Come now, you who say,
“Today or tomorrow we shall go into such and such a town,
spend a year there doing business, and make a profit”–
you have no idea what your life will be like tomorrow.
You are a puff of smoke that appears briefly and then disappears.
Instead you should say,
“If the Lord wills it, we shall live to do this or that.” (James 4)
The longer we live the less surprising life seems to be. By the time you hit sixty it is no longer shocking to hear that someone has suddenly died—perhaps a bit surprising, but not truly breath-taking in its impact. Why? Because we have come to know better than to claim the right that somehow life should unfold in a manner conducive to what we expect, much less what we want for ourselves. We are no longer seventeen, trying to put together life the way we would a four-year academic plan, every day accounted for. We are no longer twenty or even thirty, thinking that we can count on our health our our incomes to move us forward into a secure future. For the longer we live, and the more enmeshed we become in life and its commitments, the more we know that we cannot predict how it will all turn out, or what new asteroid will next come tumbling down from the sunlit sky, creating its own massive crater, changing forever the landscape by its massive impact. It doesn’t take many deaths to teach us that our lives are indeed like puffs of smoke—and so are all our plans.
There is a wisdom here in James, then, which we can also find in Proverbs: do not be so presumptuous as to plan for the morrow as if it is going to turn out the way you’d like it to turn out; chances are it won’t work out that way. Is the alternative a stiff-lipped Stoicism? That isn’t what James counsels. Instead, in a proto-Ignatian fashion, he counsels a habit of praying, but with an intelligent hedge: “If it be your will, O Lord, then let this be…” That’s a hedge that contains a tacit caveat: “And if it not be your will, O Lord, then let me accept what is your deepest desire for me, for us, for the world.”
This deep acceptance, trust, is perhaps the hardest part of the life of faith—the part we resist the most. For it involves letting go of our presumptions, our plans, our ideas of what is right, and what should be. It involves surrendering all of our lives—everything—to God. It’s the scary part of the “Suscipe” of St. Ignatius Loyola: “Take, Lord, and receive my liberty, my understanding, my memory, my entire will.” This is not a prayer we can offer with any maturity at the beginning of the journey, but it is one that perhaps makes more sense toward the end of it. Praying in that spirit, we are not as liable to try to control the outcome of things.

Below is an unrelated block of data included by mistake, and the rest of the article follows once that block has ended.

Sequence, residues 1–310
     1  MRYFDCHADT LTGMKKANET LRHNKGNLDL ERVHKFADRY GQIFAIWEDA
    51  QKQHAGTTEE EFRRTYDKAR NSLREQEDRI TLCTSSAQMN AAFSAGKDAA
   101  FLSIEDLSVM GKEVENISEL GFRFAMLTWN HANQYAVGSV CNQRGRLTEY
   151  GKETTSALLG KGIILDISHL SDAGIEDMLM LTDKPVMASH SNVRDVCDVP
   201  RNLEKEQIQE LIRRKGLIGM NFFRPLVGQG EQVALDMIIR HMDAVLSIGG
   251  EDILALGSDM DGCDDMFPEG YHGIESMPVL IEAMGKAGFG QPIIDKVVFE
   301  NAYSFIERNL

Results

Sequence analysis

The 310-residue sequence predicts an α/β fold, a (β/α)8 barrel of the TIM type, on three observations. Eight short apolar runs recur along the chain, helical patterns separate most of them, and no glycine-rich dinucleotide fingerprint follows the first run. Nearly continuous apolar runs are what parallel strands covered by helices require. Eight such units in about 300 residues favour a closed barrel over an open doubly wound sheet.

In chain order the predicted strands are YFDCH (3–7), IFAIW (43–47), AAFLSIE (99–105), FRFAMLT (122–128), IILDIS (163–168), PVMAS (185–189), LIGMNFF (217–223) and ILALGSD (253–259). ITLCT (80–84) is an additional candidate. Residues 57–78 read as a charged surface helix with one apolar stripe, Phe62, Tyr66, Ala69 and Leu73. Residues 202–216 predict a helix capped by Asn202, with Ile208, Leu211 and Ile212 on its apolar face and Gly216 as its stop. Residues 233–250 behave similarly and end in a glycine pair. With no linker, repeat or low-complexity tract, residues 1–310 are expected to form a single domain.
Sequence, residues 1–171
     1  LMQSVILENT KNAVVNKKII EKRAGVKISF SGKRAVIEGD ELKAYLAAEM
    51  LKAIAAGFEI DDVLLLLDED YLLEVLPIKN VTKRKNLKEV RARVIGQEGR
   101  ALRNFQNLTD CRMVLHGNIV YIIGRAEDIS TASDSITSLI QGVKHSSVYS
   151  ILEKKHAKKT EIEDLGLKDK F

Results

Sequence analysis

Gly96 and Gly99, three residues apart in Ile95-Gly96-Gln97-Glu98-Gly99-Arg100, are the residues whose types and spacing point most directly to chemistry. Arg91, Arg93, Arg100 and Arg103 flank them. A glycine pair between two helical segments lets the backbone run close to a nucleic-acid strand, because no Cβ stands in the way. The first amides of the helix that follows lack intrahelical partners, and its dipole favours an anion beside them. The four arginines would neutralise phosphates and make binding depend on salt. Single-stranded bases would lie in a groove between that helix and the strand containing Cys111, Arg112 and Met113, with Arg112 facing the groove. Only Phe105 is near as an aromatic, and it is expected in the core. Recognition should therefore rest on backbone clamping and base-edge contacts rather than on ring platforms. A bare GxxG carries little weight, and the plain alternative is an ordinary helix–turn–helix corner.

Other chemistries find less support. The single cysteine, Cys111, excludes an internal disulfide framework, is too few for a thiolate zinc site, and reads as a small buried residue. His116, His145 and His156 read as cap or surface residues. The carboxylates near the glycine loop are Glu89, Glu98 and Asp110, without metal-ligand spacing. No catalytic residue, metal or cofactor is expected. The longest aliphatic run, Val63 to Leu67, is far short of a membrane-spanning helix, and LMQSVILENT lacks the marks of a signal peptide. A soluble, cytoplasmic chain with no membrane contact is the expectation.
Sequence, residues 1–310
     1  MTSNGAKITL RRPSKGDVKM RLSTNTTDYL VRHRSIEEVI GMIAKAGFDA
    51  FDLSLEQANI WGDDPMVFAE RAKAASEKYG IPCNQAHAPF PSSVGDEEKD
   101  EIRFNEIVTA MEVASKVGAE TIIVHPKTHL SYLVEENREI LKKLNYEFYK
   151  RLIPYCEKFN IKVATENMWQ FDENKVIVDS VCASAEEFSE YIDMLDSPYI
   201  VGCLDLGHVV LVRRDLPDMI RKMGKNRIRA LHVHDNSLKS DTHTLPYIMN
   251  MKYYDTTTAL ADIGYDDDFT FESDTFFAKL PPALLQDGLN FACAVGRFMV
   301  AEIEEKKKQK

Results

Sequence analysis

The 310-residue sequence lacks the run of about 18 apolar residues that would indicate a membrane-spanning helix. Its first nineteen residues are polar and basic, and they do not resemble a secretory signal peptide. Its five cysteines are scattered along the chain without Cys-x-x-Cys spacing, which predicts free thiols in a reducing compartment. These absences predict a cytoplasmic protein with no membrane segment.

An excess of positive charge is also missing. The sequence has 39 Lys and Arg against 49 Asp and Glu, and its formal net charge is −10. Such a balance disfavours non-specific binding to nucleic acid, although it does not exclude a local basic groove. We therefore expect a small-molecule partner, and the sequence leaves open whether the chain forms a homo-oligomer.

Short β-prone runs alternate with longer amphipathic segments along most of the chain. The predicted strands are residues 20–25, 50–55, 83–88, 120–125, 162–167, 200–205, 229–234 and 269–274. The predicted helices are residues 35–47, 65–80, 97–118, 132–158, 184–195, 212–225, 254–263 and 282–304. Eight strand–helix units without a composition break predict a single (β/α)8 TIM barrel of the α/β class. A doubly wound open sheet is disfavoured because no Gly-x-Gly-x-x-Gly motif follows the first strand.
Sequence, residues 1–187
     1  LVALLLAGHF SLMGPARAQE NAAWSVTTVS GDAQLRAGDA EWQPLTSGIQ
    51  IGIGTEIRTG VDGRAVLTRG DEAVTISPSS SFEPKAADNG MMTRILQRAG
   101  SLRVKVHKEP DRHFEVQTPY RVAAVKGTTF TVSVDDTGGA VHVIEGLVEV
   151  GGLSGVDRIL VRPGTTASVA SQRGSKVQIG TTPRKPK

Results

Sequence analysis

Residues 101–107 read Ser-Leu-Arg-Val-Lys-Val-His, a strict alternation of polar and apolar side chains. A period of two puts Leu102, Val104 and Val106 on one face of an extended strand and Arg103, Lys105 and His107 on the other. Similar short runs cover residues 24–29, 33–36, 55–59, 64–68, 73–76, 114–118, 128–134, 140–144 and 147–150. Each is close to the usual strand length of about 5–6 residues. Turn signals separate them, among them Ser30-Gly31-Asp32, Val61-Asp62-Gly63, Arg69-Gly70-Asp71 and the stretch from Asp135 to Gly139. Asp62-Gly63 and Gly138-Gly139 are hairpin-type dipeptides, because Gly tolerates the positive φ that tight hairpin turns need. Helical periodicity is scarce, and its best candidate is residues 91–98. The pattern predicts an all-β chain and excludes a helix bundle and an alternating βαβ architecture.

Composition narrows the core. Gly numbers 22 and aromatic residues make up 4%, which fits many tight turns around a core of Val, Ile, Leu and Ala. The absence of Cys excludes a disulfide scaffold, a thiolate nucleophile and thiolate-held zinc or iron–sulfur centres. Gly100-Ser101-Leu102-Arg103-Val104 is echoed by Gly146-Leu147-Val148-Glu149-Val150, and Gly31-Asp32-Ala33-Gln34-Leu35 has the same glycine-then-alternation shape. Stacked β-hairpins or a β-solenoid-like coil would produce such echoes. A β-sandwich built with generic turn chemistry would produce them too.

I once know a man who even tried to choreograph the days of his dying from his death bed, planning who would visit, and when, down to the last dose of morphine. That was a truly sad spectacle. And, of course, we read of people who seriously aspire toward what they call immortality—ultimate control. Yet what James is saying here about giving up control is somewhat akin to what John (21:21) says toward the end of his Gospel: “Truly I tell you, when you were young, you dressed yourself, and walked where you wanted to. But when you are old, you will stretch out your hands, and another will dress you, and carry you where you do not want to go.” This is true wisdom: we have no ultimate control in the end. To allow that other person who will dress us— to allow that person to be the Lord—there lies the heart of surrender, the vulnerable spot in our life of faith.
Without hitting that spot, without this ultimate surrender, we risk staying forever ensconced in the illusion of security, or something we call faith, but which is a pale imitation. For the life of faith is anything but predictable or secure. It is lived out in the radical facticity of our “dying by installments” (cf. Karl Rahner). It is to radically contingent creatures such as ourselves—dying while living, living while dying—that God came, and to whom God entrusted as Son, as brother, the Word (cf. Denise Levertov).
Yes, we hold a treasure in these mere earthen jars (2 Cor 4:7), and precious as these vessels are and the life that sustains them and the hopes that surround them, neither they, nor even life itself, are absolutes or ends in themselves. In the end, all that will remain of them or of our plans is smoke, ash. And blowing away the smoke will be what what was first given in the creation itself: the all-powerful, abiding, and ever-generative love of God. It is God, known in the creative and regenerative power of his love, who upends all plans, and all forms of mere human finality.